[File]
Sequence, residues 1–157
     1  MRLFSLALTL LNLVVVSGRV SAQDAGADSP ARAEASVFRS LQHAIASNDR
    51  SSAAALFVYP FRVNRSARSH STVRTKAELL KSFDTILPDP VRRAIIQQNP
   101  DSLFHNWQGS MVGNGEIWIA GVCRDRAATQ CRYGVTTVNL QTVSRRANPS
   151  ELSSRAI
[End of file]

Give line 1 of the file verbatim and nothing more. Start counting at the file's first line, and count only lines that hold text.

Sequence, residues 1–157